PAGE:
Heart disease in PH worst in Southeast Asia – WHO
In the last 20 years, heart disease has remained the leading cause of death in the world and is still “killing more people than ever before,” the World Health Organization (WHO) said in its 2019 Global Health Estimates, and the Philippines is the worst in Southeast Asia (SEA).
One hundred twenty out of every 100,000 Filipinos died of ischemic, or coronary, heart disease in 2019, up from 103 per 100,000 population in 2015, the worst record among Southeast Asian countries that listed the ailment as its top cause of death.
The Philippines was followed by Malaysia (115 per 100,000), Singapore (91.2), Thailand (73.7) and Brunei (68.1).
The country had a better record of deaths due to stroke after it reported 68.6 per 100,000, behind Vietnam (164.9), Myanmar (132.2), Indonesia (132), Laos (80.5) and Cambodia (79.5).
But the WHO warned that governments must drastically improve the delivery of primary health-care services after data showed that noncommunicable diseases (NCDs) now make up seven out of the 10 leading causes of death.
The WHO report noted that ischemic heart disease; stroke; chronic obstructive pulmonary disease; trachea, bronchus and lung cancers; Alzheimer’s diseases and other dementias; diabetes; and kidney diseases accounted for 44 percent of the 55.4 million deaths recorded last year.
From over 2 million in 2000, deaths due to heart disease increased fourfold to nearly 9 million in 2019.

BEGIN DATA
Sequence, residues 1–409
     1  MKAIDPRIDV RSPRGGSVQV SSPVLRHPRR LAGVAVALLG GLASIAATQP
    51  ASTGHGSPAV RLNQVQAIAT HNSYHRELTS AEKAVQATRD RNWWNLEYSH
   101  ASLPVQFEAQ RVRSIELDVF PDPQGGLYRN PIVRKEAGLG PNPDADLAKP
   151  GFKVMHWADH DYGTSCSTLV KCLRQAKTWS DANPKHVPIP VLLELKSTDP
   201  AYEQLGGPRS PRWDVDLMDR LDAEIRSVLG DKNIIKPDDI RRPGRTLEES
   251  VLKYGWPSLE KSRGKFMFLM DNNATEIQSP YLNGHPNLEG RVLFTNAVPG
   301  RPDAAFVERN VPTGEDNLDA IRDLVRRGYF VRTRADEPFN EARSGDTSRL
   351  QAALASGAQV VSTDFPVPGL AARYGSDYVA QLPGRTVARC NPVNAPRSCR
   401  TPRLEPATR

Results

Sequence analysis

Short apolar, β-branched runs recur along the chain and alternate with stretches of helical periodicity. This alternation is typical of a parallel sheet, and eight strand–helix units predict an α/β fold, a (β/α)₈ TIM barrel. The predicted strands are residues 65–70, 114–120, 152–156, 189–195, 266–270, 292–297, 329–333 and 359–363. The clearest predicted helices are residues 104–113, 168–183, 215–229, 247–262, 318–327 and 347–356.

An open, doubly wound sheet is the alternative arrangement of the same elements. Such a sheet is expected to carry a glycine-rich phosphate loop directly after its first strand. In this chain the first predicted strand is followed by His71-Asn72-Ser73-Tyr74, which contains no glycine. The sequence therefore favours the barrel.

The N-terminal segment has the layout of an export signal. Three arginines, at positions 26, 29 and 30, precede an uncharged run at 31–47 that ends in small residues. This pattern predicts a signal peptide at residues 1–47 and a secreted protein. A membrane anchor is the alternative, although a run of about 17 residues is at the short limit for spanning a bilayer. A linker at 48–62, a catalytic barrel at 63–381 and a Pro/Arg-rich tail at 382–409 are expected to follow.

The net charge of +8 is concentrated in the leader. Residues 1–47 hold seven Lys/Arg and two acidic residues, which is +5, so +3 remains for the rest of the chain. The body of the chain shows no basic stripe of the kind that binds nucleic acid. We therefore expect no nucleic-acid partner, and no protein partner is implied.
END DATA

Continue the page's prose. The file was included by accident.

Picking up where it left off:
Leading causes of deaths
Two decades ago, only four out of the 10 leading causes of deaths were due to NCDs. This year, 74 percent of deaths worldwide are due to all sorts of NCDs.
“These new estimates are another reminder that we need to rapidly step up prevention, diagnosis and treatment of NCDs,” Dr. Tedros Adhanom Ghebreyesus, WHO director-general, said in a statement.
“They highlight the urgency of drastically improving primary health-care equitably and holistically. Strong primary health care is clearly the foundation on which everything rests, from combating NCDs to managing a global pandemic,” he added.
Lower respiratory infections saw the biggest uptick in deaths as it rose from 69.9 per 100,000 in 2015 to 86.8 in 2019.
Of the Top 10 causes of deaths in the Philippines, only three saw a decline during the same period: tuberculosis (from 28.3 to 25 per 100,000), neonatal conditions (26 to 21.9) and interpersonal violence (15.3 to 13.7).
In releasing its estimates, the WHO stressed that there is a need to know how people died “to improve how people live.”
“Measuring how many people die each year helps to assess the effectiveness of our health systems and direct resources to where they are needed most. For example, mortality data can help focus activities and resource allocation among sectors such as transportation, food and agriculture, and the environment as well as health,” the WHO said.
Currently, the Philippines is rolling out the Universal Health Care (UHC) program, which aims to provide all Filipinos access to a “comprehensive set of quality and cost-effective, promotive, preventive, curative, rehabilitative and palliative health services without causing financial hardship.”
Three of its key reform areas are primary health care, province and citywide health systems integration, and predictable and precise fees.
Health Secretary Francisco Duque III said the outbreak of the new coronavirus did not derail the government’s efforts to progressively realize the goals of the UHC but rather helped accelerate it.
“Battling the pandemic has demanded much more from our health system and not only revealed its faults but emphasized an urgent need to transform and heal the system as a whole. [The] UHC was crafted to address these very gaps which have plagued our systems for many years. Hence, it is a critical moment to fast-track the transition to [the] UHC,” Duque said.
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